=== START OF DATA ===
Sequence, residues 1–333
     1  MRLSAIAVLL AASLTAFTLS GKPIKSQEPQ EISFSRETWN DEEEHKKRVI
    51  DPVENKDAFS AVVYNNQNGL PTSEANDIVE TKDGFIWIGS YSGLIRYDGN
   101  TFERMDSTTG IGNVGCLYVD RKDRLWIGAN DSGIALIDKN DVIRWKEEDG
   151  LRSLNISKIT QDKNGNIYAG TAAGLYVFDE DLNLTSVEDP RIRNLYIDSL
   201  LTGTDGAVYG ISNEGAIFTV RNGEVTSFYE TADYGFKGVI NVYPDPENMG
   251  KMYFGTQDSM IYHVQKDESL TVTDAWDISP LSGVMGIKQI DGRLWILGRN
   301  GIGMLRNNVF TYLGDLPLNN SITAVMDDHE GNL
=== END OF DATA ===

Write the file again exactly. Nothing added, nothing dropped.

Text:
Sequence, residues 1–333
     1  MRLSAIAVLL AASLTAFTLS GKPIKSQEPQ EISFSRETWN DEEEHKKRVI
    51  DPVENKDAFS AVVYNNQNGL PTSEANDIVE TKDGFIWIGS YSGLIRYDGN
   101  TFERMDSTTG IGNVGCLYVD RKDRLWIGAN DSGIALIDKN DVIRWKEEDG
   151  LRSLNISKIT QDKNGNIYAG TAAGLYVFDE DLNLTSVEDP RIRNLYIDSL
   201  LTGTDGAVYG ISNEGAIFTV RNGEVTSFYE TADYGFKGVI NVYPDPENMG
   251  KMYFGTQDSM IYHVQKDESL TVTDAWDISP LSGVMGIKQI DGRLWILGRN
   301  GIGMLRNNVF TYLGDLPLNN SITAVMDDHE GNL